B.C. Fires: Province burns through wildfire budget again

Critics say the province is spending huge amounts of taxpayers money fighting forest fires when it should be focusing its efforts on preventing them.

Forestry expert warns B.C. needs to spend more money on prevention

As climate models predict hot, dry summers will be the new normal in B.C., forestry experts say the province needs to spend more on wildfire prevention. (BC Wildfire Service/Reuters)

Critics say the province is spending huge amounts of taxpayers money fighting forest fires when it should be focusing its efforts on preventing them. 

Climate models predict hot, dry summers will be the new normal in B.C., and forestry experts such as Lori Daniels say the province needs to be realistic. 

The province allocated $63 million to fight wildfires and burned through that within weeks of the forest fire season taking off in May. As of today, the bill is $198 million — more than three times what was budgeted — and climbing.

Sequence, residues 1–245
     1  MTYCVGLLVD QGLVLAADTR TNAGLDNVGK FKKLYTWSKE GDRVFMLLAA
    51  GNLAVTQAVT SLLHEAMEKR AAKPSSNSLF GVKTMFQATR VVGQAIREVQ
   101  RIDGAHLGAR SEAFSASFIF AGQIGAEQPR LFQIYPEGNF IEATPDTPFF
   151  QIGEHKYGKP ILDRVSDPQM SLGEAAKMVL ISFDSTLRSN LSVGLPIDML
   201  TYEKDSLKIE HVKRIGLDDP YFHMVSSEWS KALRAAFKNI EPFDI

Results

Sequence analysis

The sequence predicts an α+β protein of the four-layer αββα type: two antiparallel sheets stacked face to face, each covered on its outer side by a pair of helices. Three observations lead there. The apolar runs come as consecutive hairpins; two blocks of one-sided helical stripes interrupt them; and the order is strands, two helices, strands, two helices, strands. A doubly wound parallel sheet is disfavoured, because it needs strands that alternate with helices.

The province has overspent its wildfire budget for nine out of the past 10 years. B.C's Forests minister Steve Thomson says that's because the province doesn't want to tie up the funds.

'What we don't want to do is to tie up resources in a budget line that could be available for other purposes in the event that we don't need them," he said Friday.

But Daniels, the UBC Forestry expert says while BC has shelled out almost $200 million fighting wildfires this year, less than $1 million has been spent in southern B.C. to cut the risk of forest fires.

She says the province has to take more of a lead, especially with Environment Canada warning the warm El Nino current nicknamed "Godzilla El Nino" is continuing to build. That means there could be little snow again this winter and B.C. is in for a repeat of this year's widespread drought conditions. 

"This summer has been a real wake-up call for British Columbia," she said. "We need to come up with some big picture changes to some of our forest management policies."

Daniels says this can be done by starting programs to remove surface fuel hazards, such as debris, branches, leaves and establish a provincial strategy for fireproofing communities.

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